Doctors rely on patients to accurately tell them what prescription medications -- and what dosages -- they are taking in out-patient visits. (A patient's chart may not always be available or complete.) That information is essential for physicians to monitor whether a drug is working, and whether it may have adverse interactions with any new medications prescribed.
Depending on patients' recall of their drugs, however, may be dangerous to their health.
New research from Northwestern University's Feinberg School of Medicine has found that nearly 50 percent of patients taking antihypertensive drugs in three community health centers were unable to accurately name a single one of their medications listed in their medical chart. That number climbed to 65 percent for patients with low health literacy.
"It was worse than we expected," said lead author Stephen Persell, M.D., an assistant professor of medicine, and of the Institute for Healthcare Studies at the Feinberg School, and a physician at Northwestern Memorial Hospital. "It means doctors can't ask patients to tell them the medications they are taking for their chronic conditions like hypertension. It's very hard to get at the truth of what medications the patient is actually taking."
The study will be published in the November issue of the Journal of General Internal Medicine.
The Northwestern study looked at 119 patients, average age 55, from community health centers in Grand Rapids, Mich. Researchers asked them to name their antihypertensive drugs and then compared their answers to the drugs listed in their medical charts.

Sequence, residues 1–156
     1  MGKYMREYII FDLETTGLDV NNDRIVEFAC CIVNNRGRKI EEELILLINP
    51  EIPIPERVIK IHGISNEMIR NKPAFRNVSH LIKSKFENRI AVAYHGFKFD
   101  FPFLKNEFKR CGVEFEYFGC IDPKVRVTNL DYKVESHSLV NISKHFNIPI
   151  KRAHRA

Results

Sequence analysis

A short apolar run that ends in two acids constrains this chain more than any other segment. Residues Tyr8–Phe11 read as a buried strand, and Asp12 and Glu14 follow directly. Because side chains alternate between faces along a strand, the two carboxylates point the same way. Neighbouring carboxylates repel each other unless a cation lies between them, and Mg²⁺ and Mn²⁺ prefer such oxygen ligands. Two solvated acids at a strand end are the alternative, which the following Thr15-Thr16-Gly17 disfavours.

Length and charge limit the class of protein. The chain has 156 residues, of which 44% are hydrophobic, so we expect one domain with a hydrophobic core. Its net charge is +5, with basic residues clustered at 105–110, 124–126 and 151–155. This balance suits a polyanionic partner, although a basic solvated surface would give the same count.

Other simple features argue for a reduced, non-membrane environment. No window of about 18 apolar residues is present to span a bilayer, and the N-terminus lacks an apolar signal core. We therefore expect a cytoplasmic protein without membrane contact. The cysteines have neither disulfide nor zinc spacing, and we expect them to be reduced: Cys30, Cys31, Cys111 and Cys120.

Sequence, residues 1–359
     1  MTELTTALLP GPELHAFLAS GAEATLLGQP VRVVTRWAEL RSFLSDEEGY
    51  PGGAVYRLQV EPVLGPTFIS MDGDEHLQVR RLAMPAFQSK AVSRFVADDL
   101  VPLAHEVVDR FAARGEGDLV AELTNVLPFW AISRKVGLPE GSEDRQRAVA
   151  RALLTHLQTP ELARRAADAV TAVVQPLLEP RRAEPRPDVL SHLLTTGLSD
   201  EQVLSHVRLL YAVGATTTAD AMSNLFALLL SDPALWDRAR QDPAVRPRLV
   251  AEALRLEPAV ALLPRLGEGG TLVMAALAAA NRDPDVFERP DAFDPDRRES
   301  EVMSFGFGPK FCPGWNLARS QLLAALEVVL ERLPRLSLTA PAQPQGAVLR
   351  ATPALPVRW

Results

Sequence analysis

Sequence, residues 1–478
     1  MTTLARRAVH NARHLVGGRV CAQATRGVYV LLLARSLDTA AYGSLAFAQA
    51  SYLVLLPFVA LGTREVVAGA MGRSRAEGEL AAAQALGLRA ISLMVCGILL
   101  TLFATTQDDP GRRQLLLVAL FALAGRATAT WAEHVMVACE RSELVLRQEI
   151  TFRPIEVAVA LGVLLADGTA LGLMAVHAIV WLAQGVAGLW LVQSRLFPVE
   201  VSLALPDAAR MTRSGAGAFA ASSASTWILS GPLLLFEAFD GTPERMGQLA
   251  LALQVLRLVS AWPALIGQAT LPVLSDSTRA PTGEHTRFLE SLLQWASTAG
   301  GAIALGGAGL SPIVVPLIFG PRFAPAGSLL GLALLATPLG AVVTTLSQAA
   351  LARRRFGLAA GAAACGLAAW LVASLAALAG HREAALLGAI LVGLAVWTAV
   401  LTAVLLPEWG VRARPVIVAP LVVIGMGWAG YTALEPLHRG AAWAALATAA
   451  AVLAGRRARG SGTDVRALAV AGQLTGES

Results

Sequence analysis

While the study focused on low-income patients, Persell said other patients likely have similar trouble recalling the names and dosages of all their medications, particularly those who take a lot of different drugs and the elderly, who may have cognitive limitations.
The gap between what medications a doctor thinks a patient is taking -- and what a patient actually takes -- is a new focus for improving the safety and quality of health care. One third of the nation's 1.5 million adverse drug events occur in out-patient settings, resulting in a cost of $1 billion annually. Persell thinks this "knowledge of medication gap" may be one of the causes.
The goal is "medication reconciliation," a term in the healthcare field that means patients and their healthcare providers understand and agree on the medications the patients are using and should be using.
Persell's study also showed patients with low health literacy were prescribed more antihypertensive medications than other patients and had higher blood pressure by about five points.
"We think doctors may be prescribing more medications because the patients aren't giving them the right information about what they are taking," he said.
Even examining patients' medical records won't necessarily tell a doctor what pills a patient is swallowing. Persell said some patients continue to fill old prescriptions even if a doctor has changed the dosages or the medication.
"I've seen patients who continued on drugs that I told them to discontinue and stop taking drugs I never told them to stop using," Persell said.
The solution is to ask patients to bring all their current medicine bottles to doctor appointments, so the physician can compare them to what has actually been prescribed in the medical charts, Persell noted. That's how he learned a patient he had switched to a cheaper version of a drug continued to take the older expensive one along with the new one, so he was double dosing himself.
"This could have caused a dangerous drop in his heart rate and blood pressure," Persell said.
The Northwestern study indicates a need for future research to address how patients' inability to name their medications -- particularly those with limited health literacy -- impacts hypertension control and drug safety, Persell said.
The study was funded by a career development award from the Agency for Healthcare Research and Quality, a Centers for Disease Control and Prevention Career Development Award and the Michigan Department of Community Health.
Materials provided by Northwestern University. Note: Content may be edited for style and length.
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